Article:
Sherington Historical Society - Home Page

St Laud's Church Tour - Inside

St Laud's Church
Inside Tour
Select a number on the plan
Key to the colour scheme and numbers1 - Start the tour - Entrance2 - Porch3 - South Aisle4 - War Memorials5 - Font6 - West Window and Nave7 - North Aisle8 - Dais pulpit and Screens9 - Choir Stalls10 - Organ11 - East Window and High Altar12 - Vestry13 - Sedilia and Squint Window14 - South Aisle15 - Exit Church plan
Outside Tour

Click here to go to 13 - Sedilia and Squint Window

14 - The South Aisle

Click here to go to 15 - Exit

We now retrace our steps through the choir stalls and return to the South Aisle.

Two large stained glass windows in the south wall are visible through the arches of the nave.

The most easterly window on the south wall is a 14th century opening with 19th century tracery. It has three cinquefoiled lights, below two quatrefoil windows.

The middle window is possibly our oldest window, circa 1330, with three cinquefoil lights with elaborate tracery. This had to have major restoration to it in the mid 1990's.

The window at the east end of this aisle above the side altar is to the memory of The Reverend Alexander King who was responsible for considerable restoration work in the nineteenth century, when the north vestry, the boiler house and organ recess were constructed and the box pews removed. He did this work largely at his own expense. You will notice that we have no brasses and few old memorials. These were also removed during the Victorian restoration.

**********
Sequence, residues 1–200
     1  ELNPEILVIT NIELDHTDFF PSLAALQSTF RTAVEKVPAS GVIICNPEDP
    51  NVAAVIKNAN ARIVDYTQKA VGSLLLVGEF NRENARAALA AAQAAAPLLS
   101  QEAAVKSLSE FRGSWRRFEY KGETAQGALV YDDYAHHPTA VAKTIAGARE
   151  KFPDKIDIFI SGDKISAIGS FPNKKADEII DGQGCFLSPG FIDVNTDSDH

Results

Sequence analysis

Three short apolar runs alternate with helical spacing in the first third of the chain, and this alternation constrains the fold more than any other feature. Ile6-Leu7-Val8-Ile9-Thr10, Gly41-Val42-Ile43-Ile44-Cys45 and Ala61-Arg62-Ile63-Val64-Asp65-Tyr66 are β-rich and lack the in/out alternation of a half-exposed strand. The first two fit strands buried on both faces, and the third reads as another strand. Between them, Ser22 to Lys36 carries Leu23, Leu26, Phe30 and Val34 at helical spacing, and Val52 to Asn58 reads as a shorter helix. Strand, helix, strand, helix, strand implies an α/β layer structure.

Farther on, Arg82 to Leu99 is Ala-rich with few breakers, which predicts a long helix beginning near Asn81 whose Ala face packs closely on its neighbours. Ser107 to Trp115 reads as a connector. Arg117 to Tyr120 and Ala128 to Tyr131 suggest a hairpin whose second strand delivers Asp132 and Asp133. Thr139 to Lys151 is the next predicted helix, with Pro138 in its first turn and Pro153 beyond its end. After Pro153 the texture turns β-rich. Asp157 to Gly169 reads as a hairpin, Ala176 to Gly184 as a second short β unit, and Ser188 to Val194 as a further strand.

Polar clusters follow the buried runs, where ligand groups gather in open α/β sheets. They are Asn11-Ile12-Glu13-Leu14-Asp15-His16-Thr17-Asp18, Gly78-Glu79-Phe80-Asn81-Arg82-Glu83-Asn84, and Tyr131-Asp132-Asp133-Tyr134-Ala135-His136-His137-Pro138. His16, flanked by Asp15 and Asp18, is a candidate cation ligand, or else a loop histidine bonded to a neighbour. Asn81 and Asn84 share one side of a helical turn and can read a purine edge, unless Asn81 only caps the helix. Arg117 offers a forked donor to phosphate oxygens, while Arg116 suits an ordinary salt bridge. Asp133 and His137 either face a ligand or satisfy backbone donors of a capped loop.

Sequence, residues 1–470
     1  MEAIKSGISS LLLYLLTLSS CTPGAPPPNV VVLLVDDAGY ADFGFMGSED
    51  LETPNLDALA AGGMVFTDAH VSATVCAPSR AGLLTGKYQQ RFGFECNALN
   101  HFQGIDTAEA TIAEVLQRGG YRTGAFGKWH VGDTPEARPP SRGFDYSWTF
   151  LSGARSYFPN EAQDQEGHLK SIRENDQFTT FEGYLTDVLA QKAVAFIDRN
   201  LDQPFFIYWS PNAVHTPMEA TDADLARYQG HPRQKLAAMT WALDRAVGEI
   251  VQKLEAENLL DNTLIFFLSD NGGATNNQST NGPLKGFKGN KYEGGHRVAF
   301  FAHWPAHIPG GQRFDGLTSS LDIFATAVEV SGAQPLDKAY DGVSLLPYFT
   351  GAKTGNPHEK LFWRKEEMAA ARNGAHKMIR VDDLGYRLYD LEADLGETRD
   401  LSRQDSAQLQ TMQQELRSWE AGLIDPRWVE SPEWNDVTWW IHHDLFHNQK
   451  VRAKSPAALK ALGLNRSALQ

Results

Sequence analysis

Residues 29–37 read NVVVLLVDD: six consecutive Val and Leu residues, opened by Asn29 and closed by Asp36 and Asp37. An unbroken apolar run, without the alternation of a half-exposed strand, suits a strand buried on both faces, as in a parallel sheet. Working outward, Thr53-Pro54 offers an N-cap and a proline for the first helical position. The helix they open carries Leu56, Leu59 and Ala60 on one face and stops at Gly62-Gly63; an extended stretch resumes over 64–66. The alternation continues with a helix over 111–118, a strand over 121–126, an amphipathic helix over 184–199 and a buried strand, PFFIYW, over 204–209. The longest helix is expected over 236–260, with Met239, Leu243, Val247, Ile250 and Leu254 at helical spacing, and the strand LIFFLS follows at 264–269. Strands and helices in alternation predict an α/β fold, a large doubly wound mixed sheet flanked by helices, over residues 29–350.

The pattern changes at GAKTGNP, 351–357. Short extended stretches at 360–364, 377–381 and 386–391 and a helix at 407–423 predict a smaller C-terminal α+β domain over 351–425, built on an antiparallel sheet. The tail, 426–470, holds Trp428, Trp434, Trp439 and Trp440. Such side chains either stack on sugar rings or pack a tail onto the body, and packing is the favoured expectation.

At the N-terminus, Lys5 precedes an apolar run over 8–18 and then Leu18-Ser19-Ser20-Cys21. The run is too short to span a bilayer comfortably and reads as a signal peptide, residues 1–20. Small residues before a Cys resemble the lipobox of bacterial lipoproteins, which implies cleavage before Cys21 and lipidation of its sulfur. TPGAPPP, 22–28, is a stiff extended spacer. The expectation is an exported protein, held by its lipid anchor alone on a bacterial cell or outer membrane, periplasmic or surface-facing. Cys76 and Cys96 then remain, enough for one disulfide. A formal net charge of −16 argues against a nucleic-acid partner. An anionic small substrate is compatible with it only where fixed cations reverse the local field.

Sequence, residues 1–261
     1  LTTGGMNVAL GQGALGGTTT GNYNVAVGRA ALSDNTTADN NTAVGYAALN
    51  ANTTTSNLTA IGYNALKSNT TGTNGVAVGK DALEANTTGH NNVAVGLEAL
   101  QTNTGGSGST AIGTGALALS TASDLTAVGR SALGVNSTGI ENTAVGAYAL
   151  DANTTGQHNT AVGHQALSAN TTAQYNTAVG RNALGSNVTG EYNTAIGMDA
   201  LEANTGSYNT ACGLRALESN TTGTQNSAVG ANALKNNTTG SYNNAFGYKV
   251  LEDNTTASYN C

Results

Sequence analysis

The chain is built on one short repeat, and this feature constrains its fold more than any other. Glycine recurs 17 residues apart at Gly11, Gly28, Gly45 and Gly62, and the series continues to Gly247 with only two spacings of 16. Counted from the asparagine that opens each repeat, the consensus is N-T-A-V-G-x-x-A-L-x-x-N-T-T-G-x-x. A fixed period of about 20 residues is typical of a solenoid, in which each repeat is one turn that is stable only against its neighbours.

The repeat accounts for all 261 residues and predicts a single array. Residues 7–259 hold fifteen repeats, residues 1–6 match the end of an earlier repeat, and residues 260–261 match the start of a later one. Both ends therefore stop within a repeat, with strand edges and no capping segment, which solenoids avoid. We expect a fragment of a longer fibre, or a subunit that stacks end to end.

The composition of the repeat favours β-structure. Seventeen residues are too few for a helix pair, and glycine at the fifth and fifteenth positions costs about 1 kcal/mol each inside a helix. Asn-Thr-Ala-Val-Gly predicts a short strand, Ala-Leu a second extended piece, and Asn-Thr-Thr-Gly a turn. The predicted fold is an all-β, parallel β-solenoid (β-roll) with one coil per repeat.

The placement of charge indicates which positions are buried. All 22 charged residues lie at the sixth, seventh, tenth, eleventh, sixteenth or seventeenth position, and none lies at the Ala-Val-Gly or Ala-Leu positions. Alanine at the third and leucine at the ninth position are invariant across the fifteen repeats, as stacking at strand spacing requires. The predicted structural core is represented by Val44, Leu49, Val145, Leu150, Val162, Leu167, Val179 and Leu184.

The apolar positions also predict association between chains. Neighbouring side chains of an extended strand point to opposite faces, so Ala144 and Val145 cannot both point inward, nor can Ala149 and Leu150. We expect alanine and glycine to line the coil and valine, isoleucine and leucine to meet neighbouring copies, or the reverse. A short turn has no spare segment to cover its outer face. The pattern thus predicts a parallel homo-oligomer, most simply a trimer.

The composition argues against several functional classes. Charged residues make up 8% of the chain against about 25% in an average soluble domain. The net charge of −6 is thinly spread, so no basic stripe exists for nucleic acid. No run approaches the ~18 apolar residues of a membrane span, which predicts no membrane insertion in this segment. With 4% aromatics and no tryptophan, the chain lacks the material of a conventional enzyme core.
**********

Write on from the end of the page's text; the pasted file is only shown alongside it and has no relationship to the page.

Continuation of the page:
The opening is 14th century, but the tracery is 19th century. The glass was provided by the famous stained glass and metal-workers John Hardman and Co. of Birmingham. Above the window on the North side there are the remains of the original weather course for the former roof of the Nave.

To the right of the altar, below the large window on the south wall, is a small window that has been filled in. There is one other window in the South Aisle: a small quatrefoil (four converging arcs) opening into Parvise.

To the left (west) of the main door is a Stoup. This one is slightly different in design to the one at the entrance. This is recessed with a depressed two centred head, this again dates from the 14th century.

Click here to go to 13 - Sedilia and Squint Window


Click here to go to 15 - Exit

Home Page - Email Us - Contacts
Latest Revision: 29 December 2006